IRRG – Camellia Garden

Apr 29, 2024 | Whats On

There aren’t just Rhododendrons in the Garden:

 

In 1980 the Illawarra Branch of the Australian Camellia Research Society approached the  president of the Rhododendron Park in Mt Pleasant about acquiring part of the park to establish a camellia garden therein. The project was instigated by the Camellia Society to attract new members and to keep the remaining members interested.

In April 1980 work began. Members of both societies worked together to clear the undergrowth and plan and plant out the Camellia Garden you see today. Harold Delaforce proved to be the driving force and took over as manager of the project.

In 1990s plantings of 300 camellias (258 cultivars) had occurred with blooms from the garden displayed at the annual camellia show. Rumour has it that blooms from the gardens won so many awards over the years that we were banned from entering our blooms in future competitions.

At the entrance to the gardens is a stone with a plaque recognising the contribution of Harold Delaforce to the gardens. In 1994 at the unveiling of the plaque a Camellia,  C. ‘Dr Clifford Parks’ was planted in the first garden bed.

irrg camellia garden 05Today the Camellia Garden continues to be maintained by members of the Illawarra Camellia Society and volunteers at the Illawarra Rhododendron and Rainforest Gardens.

Camellia is a genus of flowering plants in the family Theaceae.  Today there are more than 220 known species with over 26,000 cultivars of the ornamental C. japonicaC. sasanqua and their hybrids. This makes identifying Camellias a task for the experts and we have the Illawarra Camellia Society experts slowly identifying and naming the plants when in flower in our garden. Our Camellias have been donated over the time and are a mixture of hybrids and cultivars including C.sinensis.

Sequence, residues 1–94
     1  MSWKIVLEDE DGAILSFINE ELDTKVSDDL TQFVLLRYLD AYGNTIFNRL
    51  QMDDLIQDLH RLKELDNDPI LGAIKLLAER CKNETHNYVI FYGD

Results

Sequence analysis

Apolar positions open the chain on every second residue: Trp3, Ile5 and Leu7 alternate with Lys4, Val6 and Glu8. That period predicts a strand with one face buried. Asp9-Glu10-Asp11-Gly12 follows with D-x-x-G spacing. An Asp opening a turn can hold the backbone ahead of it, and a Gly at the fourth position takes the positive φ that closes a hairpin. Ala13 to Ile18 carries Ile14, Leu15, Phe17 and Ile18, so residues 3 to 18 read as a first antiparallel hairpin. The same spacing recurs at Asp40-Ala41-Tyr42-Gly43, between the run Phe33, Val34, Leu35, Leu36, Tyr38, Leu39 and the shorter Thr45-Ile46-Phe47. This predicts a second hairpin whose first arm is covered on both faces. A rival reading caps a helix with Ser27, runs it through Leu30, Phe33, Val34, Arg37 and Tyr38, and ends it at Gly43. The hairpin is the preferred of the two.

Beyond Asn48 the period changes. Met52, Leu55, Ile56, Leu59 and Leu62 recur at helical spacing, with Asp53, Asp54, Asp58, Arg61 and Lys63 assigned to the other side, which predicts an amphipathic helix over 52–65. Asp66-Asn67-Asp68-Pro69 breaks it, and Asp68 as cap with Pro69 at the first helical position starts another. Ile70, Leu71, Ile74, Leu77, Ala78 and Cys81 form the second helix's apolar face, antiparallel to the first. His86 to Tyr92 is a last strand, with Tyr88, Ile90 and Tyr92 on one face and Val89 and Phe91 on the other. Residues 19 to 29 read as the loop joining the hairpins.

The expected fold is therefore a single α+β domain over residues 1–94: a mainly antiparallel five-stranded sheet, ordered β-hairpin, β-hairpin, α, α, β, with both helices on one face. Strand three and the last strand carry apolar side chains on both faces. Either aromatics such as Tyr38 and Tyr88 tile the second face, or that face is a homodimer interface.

irrg camellia garden 01Camellias, however are not only prized for their flowers, the leaf of the Camellia sinensis plant is used all over the world to produce tea.  These camellias are always white-flowered.

White teayellow teagreen teaoolongdark tea (which includes pu-erh tea) and black tea are all harvested from one of two major varieties grown today, C. sinensis var. sinensis and C. s. var. assamica,  but are processed differently to attain varying levels of oxidation with black tea being the most oxidized and green being the least.

Camellias were first imported into Australia in 1826 from England but the species originated from Japan and China. In the early years of Australia, the Camellia became a favourite bush to plant about the home and in time there were many gardens with extensive plantings, the most common grown in cultivation are the small leafed Camellia sasanqua  (flowering first) and the large leafed Camellia japonica.  Both species grown for the usually large and conspicuous flower displays in a variety of white, through  pink shades  to red.  Truly yellow flowers are found only in South China and Vietnam.

Camellias are hardy slow growing evergreen shrubs or small trees up to 20 m flowering heavily from autumn through to spring. The best display of camellias can be seen during the winter months. Camellias can be grown as specimen trees and placed in focal points in the garden, while others are more suitable to be grown as standards and others such as the Sasanqua are suitable for hedges or espalier or shrubbery, while there are also others that are slow growing and can be used as a ground cover.

Camellias were first imported into Australia in 1826 from England but the species originated from Japan and China. In the early years of Australia, the Camellia became a favourite bush to plant about the home and in time there were many gardens with extensive plantings, the most common grown in cultivation are the small leafed Camellia sasanqua  (flowering first) and the large leafed Camellia japonica.  Both species grown for the usually large and conspicuous flower displays in a variety of white, through  pink shades  to red.  Truly yellow flowers are found only in South China and Vietnam.

Camellias are hardy slow growing evergreen shrubs or small trees up to 20 m flowering heavily from autumn through to spring. The best display of camellias can be seen during the winter months. Camellias can be grown as specimen trees and placed in focal points in the garden, while others are more suitable to be grown as standards and others such as the Sasanqua are suitable for hedges or espalier or shrubbery, while there are also others that are slow growing and can be used as a ground cover.

irrg camellia garden 07
irrg camellia garden 02
irrg camellia garden 05

Harlod Delaforce with 2 sisters Alice and Wilga who were founders of the Illawarra Camellia Society.